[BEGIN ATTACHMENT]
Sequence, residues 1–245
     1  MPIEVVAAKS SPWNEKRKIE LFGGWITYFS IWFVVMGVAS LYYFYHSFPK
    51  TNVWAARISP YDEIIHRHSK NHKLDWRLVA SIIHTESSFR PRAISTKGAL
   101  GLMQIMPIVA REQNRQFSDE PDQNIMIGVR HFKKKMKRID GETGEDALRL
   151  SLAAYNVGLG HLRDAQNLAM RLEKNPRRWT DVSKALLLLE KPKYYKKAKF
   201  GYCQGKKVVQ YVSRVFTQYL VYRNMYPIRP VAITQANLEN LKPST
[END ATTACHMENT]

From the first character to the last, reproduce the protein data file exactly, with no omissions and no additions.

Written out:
Sequence, residues 1–245
     1  MPIEVVAAKS SPWNEKRKIE LFGGWITYFS IWFVVMGVAS LYYFYHSFPK
    51  TNVWAARISP YDEIIHRHSK NHKLDWRLVA SIIHTESSFR PRAISTKGAL
   101  GLMQIMPIVA REQNRQFSDE PDQNIMIGVR HFKKKMKRID GETGEDALRL
   151  SLAAYNVGLG HLRDAQNLAM RLEKNPRRWT DVSKALLLLE KPKYYKKAKF
   201  GYCQGKKVVQ YVSRVFTQYL VYRNMYPIRP VAITQANLEN LKPST